Exporting countries usually subdivide the wheat types that they export into classes. For example, Canada Western Hard Red Spring, Canada Prairie Spring, and Canada Western Extra Strong Red Spring wheat are all hard red spring wheats. Each of these classes is then further subdivided into grades to ensure that the customer receives wheat of uniform end-use quality.

Milling characteristics and end-use quality are influenced by kernel texture. Consequently, classification of wheat according to kernel texture is of major concern in the marketplace.

White bran color is often preferred for the production of human foods that use high extraction flours. Bran remains as an admixture in high extraction flours and the consumer can confuse red bran with undesirable contaminants. Therefore, the miller can produce more flour from a tonne of white wheat without the risk of the flour being devalued due to bran discoloration. On the down side, there is a strong genetic linkage between red bran color and post-harvest seed dormancy. This means that the quality of white wheat usually deteriorates much more quickly than the quality of red wheat if harvest is delayed by wet weather.

Market classification of wheat on the basis of spring or winter growth habit appears to be a hold-over from the period when people believed the world was flat. Wheat is produced in a variety of environments throughout the world and its growth requirements must be synchronized with the growing season of a region for successful production. The growth stages of the plant can be brought into harmony with a given environment by varying seeding date and modifying photoperiod (day length) and vernalization (low temperature) responses. Photoperiod and vernalization requirements both have the effect of delaying the wheat plants' transition from the vegetative to the reproductive stages (see Chapter 10). These mechanisms serve mainly to prevent the plants from entering the extremely cold-sensitive reproductive growth stages until after the risk of low temperature damage has passed. Lengthening the vegetative period also allows the plant to produce more tillers and increase its yield potential.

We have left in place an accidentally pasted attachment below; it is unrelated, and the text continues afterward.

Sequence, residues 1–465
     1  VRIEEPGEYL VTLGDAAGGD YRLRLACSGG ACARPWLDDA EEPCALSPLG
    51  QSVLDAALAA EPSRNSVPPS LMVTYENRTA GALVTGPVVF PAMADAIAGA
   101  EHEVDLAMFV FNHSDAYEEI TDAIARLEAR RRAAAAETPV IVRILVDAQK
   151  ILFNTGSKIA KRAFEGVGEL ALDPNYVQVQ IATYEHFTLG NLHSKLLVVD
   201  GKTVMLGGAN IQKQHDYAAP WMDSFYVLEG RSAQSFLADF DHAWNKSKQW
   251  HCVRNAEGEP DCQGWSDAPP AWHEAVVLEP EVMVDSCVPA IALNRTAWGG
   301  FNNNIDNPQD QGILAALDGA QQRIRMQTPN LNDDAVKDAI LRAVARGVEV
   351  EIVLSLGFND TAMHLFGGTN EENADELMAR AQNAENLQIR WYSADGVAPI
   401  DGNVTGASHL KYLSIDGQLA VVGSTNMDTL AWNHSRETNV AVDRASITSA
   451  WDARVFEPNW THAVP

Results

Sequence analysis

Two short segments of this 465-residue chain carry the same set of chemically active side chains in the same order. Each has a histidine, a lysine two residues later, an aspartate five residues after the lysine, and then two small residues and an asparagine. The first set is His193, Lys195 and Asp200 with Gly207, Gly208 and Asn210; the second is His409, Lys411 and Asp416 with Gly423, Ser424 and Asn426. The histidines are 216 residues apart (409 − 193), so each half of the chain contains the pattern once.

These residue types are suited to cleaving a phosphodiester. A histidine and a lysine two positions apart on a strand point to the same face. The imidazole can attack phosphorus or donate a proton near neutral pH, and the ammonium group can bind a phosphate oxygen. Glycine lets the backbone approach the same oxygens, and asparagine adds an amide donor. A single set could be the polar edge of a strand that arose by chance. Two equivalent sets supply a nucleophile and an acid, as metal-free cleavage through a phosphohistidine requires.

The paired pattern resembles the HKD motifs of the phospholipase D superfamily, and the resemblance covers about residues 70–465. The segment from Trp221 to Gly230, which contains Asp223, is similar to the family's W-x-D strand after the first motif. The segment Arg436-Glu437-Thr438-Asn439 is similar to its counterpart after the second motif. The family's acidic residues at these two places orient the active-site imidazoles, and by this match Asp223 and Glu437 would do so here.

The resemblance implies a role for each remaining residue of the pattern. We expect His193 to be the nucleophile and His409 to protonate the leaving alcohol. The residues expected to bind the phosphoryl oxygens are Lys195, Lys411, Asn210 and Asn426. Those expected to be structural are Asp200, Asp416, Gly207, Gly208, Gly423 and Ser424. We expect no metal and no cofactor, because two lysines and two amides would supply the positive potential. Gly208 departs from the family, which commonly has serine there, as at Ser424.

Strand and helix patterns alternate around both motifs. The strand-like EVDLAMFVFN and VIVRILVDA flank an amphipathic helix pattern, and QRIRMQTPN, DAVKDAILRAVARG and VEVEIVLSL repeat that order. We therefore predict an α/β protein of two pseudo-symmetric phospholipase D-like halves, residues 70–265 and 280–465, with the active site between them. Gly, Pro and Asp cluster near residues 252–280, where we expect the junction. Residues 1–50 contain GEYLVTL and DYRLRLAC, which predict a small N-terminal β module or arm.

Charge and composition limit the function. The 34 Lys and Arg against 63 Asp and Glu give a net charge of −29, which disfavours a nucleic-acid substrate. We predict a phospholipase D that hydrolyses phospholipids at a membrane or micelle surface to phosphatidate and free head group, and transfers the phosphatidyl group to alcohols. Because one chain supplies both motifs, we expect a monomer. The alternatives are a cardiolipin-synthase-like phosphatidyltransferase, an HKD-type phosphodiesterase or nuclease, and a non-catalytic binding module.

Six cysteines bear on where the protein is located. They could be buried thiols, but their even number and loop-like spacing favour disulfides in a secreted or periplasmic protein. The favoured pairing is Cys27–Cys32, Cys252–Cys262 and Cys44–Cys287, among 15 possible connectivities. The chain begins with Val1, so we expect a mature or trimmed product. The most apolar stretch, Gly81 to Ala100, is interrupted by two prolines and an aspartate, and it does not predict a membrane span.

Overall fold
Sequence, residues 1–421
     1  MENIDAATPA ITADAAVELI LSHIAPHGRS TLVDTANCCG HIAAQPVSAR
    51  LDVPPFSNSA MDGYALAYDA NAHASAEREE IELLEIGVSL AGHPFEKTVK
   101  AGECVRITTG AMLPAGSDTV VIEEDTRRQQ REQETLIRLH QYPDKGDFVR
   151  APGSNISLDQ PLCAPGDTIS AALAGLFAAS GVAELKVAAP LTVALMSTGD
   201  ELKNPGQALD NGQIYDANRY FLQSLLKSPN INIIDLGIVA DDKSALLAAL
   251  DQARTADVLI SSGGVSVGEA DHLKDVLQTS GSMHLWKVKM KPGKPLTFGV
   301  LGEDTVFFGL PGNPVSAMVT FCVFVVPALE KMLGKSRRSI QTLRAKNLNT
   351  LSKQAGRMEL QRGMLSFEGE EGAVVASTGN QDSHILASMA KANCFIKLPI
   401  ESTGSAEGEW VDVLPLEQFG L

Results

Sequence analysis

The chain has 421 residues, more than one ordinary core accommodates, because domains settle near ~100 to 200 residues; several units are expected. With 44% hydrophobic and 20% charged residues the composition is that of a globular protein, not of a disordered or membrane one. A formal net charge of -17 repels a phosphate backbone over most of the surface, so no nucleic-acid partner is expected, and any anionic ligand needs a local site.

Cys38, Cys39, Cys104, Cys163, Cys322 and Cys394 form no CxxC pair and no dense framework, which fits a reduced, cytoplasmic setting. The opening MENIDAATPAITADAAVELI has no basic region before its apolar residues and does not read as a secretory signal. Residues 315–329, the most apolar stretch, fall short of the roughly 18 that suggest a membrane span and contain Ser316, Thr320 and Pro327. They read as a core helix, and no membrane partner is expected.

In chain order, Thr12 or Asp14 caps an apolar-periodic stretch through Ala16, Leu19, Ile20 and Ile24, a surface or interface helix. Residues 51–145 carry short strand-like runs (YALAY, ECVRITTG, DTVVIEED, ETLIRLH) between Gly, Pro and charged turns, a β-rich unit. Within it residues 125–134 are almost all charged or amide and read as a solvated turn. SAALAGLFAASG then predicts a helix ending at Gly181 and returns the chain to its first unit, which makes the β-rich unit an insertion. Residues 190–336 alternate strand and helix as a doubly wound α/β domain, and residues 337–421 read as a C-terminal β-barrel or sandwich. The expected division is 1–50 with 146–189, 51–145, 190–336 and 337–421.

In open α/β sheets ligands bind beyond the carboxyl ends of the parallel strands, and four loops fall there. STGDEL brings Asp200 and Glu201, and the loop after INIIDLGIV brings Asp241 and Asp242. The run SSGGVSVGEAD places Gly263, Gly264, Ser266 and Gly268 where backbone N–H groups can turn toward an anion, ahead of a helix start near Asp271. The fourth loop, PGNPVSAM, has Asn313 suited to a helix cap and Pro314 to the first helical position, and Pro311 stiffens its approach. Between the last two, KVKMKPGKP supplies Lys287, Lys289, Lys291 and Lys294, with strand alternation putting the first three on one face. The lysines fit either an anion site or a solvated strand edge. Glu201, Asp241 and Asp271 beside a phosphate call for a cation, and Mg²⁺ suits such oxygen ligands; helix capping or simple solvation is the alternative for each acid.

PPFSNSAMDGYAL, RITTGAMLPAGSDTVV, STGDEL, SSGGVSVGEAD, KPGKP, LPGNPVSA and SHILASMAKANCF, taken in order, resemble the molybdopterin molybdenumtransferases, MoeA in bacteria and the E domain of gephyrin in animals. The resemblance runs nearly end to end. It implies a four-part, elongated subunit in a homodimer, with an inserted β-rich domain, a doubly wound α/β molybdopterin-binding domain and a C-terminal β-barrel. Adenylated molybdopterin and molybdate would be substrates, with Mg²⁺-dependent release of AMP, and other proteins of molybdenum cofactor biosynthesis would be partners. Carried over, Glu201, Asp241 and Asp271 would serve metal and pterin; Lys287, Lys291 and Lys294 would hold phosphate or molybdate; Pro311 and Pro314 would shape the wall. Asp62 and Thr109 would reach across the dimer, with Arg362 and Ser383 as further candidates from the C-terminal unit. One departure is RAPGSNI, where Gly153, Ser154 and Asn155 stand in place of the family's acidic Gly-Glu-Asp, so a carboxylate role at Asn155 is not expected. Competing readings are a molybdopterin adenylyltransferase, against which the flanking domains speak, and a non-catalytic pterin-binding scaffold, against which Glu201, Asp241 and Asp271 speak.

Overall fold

When it can be successfully overwintered, winter wheat usually outyields spring wheat. However, at similar levels of available soil nitrogen, higher yield usually means lower protein concentration and protein concentration is a major concern in the world marketplace.

Except for an indirect effect due to the negative relationship between grain yield and protein concentration, there is little evidence to suggest that growth habit has a meaningful influence on grain quality. Certainly, a vernalization requirement should not be expected to have any greater influence on grain quality than a photoperiod requirement. Consequently, there does not appear to be a good reason for storing spring and winter wheats with similar quality characteristics in separate bins, especially if protein segregation is a grading factor.